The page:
My grades in high school had never really been very good. My cumulative grade point average was lower than 2.0. I made a decision that I was going to work a little harder during my Senior year, and my grades started to go up. In spite of this, classes like Analysis (math) and Physics still gave me difficulty. I got scores of 60% on my first two Analysis tests. I asked Mr. Baker if I could take some extra credit, but he told me that he preferred for me to work on the assigned problems.
The amount of "witnessing" that I did dramatically increased during my Senior year. I set a goal to do everything that I could to "win my high school to Jesus Christ." I "witnessed" to Mrs. Jones, the librarian, and found out that she became a Christian when she was 18. Tom asked her if we could print some tracts using the library's copy machine. She said yes. Tom then printed 1,200 tracts using the tract that was from my church. Mrs. Jones charged Dan, but only $6 or $7. We gave out about 700 of them during the course of the next year.
Don had a speech class that was taught by Mr. Curtis. Don told me that the only reason he signed up for it was so he could preach the gospel of Christ to other students. The first assignment in that class was to do a pantomime to a song. Don used a traditional Christian song and only a few people clapped. All the assignments after that were actual speeches, and Don made sure that he was able to give the gospel in every speech that he made. Mr. Curtis didn't mind that Don was giving the gospel, but he was concerned about the fact that Don rarely gave speeches on anything else. He took Don aside and spoke to him about his concern. Don told me about this one day and said, "Mr. Curtis doesn't like the fact that I always preach the gospel. He keeps saying that he wants me to get an education." Don was somewhat upset about this because he felt that Mr. Curtis seemed more concerned with education than he was with the gospel. It seemed to me, however, that Mr. Curtis was only trying to broaden Don's horizons a little, and not to prevent him from telling the gospel.
Don and I were talking after school one night when I was getting ready to go to work, and a guy in Don's speech class came up to us.
"How 'ya doing?" he said.
"Fine," Don said.
"Hey, what did you get on that last speech?"
Don then told him what grade he received for it, and then they talked some more about their class while I just listened. After a minute or so, Don and I asked him if he knew whether or not he was going to heaven.
"Uh . . . no, I don't," he said.
We explained Jesus' death to him and asked him if he was willing to receive Jesus as his Savior. He said that he'd think about it.
I took plenty of opportunities to tell others about Jesus Christ. I started witnessing to Eric, who told me that he didn't believe in God. "The Indians didn't have Bibles," he said. Eric was in my 1st hour class.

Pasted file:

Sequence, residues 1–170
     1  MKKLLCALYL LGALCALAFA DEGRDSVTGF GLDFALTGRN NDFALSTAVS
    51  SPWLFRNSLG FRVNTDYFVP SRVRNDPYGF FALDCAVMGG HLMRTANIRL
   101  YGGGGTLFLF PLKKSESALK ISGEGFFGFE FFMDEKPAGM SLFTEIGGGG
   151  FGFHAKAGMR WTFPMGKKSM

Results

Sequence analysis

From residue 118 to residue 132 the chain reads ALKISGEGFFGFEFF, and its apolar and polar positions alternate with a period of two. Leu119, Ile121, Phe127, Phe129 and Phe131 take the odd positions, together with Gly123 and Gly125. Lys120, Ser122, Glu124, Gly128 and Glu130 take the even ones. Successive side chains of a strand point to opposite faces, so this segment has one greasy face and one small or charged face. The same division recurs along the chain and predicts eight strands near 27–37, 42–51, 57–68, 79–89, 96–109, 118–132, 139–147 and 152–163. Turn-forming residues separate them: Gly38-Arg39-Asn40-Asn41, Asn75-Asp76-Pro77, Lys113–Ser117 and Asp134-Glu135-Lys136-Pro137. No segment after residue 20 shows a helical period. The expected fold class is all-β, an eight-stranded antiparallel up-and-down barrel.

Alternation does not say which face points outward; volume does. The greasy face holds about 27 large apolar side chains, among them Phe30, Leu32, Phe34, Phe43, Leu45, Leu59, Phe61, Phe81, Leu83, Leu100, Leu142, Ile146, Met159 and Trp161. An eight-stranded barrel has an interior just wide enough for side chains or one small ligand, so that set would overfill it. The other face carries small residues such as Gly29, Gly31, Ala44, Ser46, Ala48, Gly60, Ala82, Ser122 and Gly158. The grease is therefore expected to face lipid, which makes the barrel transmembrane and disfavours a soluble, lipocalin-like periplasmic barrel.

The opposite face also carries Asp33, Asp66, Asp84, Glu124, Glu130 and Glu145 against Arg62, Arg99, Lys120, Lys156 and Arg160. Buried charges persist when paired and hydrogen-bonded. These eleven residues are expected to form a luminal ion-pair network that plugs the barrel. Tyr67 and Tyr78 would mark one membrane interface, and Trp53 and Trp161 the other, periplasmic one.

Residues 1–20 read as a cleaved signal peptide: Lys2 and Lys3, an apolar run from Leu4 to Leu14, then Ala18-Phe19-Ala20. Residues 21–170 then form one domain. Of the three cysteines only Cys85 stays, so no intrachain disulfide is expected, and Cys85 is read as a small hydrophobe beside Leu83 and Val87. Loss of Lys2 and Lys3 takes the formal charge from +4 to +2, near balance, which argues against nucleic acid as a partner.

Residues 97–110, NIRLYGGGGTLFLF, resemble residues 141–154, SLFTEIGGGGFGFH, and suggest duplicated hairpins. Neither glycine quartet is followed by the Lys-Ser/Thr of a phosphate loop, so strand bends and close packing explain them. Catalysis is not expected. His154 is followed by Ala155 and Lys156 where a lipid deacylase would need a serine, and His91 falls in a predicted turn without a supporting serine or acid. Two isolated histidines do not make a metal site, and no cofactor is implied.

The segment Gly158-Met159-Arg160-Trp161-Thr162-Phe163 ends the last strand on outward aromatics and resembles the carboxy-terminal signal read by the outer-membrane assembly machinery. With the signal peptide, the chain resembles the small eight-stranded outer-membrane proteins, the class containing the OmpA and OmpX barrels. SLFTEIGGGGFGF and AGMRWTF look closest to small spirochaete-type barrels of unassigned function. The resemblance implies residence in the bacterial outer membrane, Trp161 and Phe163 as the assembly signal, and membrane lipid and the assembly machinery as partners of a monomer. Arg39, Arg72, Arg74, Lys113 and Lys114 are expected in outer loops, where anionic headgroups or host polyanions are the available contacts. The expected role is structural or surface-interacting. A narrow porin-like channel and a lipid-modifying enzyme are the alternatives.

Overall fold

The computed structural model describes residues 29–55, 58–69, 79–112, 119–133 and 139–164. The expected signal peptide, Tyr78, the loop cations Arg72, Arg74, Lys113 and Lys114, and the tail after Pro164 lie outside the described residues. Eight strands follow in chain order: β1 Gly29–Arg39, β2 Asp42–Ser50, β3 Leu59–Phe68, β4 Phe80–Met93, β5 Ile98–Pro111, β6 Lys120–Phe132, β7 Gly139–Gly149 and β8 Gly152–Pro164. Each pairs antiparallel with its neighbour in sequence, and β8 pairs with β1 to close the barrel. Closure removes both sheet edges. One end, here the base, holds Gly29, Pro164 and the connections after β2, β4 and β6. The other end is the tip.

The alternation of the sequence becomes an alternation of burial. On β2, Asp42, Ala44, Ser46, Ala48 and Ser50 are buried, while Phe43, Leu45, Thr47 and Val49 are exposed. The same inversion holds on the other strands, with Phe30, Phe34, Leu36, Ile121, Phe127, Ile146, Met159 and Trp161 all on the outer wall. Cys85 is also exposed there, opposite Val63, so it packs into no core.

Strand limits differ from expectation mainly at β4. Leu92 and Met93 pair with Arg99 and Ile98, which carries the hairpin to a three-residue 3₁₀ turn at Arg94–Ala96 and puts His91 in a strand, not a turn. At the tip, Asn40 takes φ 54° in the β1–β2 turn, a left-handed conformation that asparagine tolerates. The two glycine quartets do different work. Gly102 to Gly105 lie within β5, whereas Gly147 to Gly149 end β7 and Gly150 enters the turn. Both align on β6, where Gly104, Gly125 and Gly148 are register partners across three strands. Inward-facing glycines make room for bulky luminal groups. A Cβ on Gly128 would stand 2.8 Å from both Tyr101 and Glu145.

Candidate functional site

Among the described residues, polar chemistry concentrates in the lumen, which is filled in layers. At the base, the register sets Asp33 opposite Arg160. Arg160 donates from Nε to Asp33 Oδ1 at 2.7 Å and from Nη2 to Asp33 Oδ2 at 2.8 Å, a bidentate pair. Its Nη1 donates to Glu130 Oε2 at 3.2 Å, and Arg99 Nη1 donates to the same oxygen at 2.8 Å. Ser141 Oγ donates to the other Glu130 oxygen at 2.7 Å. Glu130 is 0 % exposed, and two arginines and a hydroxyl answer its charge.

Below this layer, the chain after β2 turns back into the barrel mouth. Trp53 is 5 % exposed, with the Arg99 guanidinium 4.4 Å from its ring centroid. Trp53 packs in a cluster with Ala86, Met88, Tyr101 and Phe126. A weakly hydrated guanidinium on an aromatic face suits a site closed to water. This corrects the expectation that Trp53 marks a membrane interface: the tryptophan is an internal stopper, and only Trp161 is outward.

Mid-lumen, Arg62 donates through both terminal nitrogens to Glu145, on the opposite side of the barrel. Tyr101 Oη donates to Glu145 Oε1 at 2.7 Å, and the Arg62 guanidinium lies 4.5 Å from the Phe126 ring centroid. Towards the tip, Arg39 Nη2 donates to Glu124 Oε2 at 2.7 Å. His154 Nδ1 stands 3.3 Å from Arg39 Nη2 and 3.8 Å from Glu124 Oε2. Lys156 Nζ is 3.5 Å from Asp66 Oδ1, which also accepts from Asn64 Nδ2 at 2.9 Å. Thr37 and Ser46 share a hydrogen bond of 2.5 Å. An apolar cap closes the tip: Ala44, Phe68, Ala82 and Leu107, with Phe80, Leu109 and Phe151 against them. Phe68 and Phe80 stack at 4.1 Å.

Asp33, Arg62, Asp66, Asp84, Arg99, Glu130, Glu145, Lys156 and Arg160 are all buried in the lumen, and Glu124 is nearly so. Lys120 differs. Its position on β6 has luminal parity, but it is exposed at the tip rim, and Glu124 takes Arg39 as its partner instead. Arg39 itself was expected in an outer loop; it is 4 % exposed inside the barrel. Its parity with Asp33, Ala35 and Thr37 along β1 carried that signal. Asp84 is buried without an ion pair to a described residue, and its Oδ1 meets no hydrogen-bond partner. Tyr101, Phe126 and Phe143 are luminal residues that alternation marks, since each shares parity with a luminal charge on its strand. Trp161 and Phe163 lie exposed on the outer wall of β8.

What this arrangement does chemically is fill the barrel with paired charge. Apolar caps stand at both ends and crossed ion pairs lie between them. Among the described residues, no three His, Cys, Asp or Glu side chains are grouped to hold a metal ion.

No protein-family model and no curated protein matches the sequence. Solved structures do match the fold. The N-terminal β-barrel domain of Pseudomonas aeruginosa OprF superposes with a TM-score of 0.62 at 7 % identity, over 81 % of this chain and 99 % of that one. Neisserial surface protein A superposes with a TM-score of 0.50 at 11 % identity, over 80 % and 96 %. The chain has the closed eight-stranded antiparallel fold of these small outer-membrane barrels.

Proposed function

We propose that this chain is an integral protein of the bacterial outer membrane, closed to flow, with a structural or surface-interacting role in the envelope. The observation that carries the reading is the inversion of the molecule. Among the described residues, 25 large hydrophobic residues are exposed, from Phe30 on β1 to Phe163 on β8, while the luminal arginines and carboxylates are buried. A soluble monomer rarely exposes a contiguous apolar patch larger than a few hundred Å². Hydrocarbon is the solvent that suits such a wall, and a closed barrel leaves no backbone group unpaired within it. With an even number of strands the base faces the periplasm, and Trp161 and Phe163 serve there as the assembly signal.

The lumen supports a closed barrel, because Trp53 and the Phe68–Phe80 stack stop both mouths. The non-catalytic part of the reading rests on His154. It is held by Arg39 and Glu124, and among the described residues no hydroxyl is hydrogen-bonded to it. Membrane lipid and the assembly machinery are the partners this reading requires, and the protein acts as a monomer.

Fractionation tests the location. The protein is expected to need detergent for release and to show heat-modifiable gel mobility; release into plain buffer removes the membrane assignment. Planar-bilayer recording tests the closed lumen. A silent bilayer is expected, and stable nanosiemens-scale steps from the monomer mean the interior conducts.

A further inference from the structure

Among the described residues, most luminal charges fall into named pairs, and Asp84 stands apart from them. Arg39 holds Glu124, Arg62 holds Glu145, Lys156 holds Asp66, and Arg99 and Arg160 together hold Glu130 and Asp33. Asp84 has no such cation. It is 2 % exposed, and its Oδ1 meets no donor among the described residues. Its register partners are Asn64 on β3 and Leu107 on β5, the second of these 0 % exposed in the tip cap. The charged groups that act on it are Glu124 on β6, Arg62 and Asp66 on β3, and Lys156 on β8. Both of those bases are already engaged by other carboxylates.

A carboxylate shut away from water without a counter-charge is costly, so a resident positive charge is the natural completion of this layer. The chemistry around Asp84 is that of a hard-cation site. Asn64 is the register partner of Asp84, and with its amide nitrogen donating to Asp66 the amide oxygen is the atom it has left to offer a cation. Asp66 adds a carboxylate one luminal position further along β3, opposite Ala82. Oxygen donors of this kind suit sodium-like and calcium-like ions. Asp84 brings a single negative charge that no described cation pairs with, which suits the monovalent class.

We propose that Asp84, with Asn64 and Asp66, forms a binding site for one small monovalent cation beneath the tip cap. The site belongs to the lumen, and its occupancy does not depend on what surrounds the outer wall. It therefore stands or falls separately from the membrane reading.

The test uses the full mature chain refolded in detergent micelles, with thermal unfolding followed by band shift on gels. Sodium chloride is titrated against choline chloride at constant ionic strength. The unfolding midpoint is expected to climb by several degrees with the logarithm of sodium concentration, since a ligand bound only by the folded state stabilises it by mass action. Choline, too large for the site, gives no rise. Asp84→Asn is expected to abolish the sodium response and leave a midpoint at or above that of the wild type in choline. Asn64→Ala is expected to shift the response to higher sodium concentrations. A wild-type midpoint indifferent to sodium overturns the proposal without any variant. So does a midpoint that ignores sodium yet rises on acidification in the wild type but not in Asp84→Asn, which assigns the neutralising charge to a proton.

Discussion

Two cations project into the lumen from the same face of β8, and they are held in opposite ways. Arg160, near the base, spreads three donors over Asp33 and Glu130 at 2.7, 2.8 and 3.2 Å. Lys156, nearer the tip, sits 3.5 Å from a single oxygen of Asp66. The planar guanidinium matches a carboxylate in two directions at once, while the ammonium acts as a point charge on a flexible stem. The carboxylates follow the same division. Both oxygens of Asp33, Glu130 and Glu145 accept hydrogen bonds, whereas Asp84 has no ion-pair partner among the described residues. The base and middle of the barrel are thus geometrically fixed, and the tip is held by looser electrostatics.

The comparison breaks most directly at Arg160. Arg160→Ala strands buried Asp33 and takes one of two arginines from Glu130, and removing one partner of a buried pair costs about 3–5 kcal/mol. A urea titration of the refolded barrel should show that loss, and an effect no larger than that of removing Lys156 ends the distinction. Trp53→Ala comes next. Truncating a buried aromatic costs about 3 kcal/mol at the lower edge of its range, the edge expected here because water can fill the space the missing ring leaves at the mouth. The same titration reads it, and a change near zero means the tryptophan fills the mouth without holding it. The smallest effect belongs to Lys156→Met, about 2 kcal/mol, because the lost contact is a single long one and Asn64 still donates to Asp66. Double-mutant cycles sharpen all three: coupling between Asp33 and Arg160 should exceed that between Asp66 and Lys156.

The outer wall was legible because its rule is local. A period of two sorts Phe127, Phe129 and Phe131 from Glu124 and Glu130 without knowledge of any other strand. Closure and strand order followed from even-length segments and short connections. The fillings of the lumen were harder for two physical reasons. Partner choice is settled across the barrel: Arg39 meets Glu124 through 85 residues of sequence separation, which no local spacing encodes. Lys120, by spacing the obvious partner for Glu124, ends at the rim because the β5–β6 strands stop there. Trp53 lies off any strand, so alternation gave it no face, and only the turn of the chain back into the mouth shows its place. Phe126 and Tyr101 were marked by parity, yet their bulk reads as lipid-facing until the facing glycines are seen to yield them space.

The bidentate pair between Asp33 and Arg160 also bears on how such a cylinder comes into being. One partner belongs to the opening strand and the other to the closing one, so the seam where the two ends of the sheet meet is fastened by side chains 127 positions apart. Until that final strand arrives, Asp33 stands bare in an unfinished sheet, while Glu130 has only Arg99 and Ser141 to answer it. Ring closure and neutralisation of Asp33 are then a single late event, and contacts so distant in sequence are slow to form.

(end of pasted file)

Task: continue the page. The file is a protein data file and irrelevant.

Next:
I continued to talk to Eric throughout the school year, and he became increasingly interested in what I had to say. However, one day I went too far, and I learned a hard lesson about tolerance and respect. First, however, I need to set some background for what eventually happened. At my church, many of the people that I knew from the youth meetings, including Don, believed that we should not tolerate rock music and that when people played it in school, we should take a stand against it. I began to go along with this belief. One day, there was a yearbook assembly in the school auditorium. Rock music was being played to the pictures that flashed on a screen. There was clapping, loud cheering, and shouting going on. Tom, Edward, Don, and I all walked out and sat in the cafeteria and complained to each other about it. Then a guy came into the cafeteria carrying a stereo that was cranking out music at a high volume.
"Oh, no!" we all said in disgust. "Not here too!"
We angrily walked out of the cafeteria, but I went back and gave the guy a tract. Don followed me back in.
"Do you know if you'd go to heaven?" I asked.
"I don't know," he said.
"Do you believe that you're a sinner?" I asked.
"Yes," he said.
"Do you accept the fact that because of that, you're going to hell?" I said.
"No," he said. "I deserve to, but that doesn't mean I'm going."
Don stopped me and very gently said to me, "Don't say that he's going to hell."
I was surprised by this because I thought that this was the way that Don wanted me to share the gospel. I backed down a little, and tried to be more gentle in the way that I presented the gospel.
The guy took the tract and said that he would receive the Lord as his savior.
Don took many stands against rock music, including regularly skipping pep assemblies because rock music was played at them. The assemblies were held every Friday during the fall and started at 2:00 p.m. or 2:10 p.m. during 6th hour. All students were required to attend them. I skipped the homecoming pep assembly with Don. We were standing in a hallway near the offices during the assembly when Mrs. Johnson from the attendance office saw us.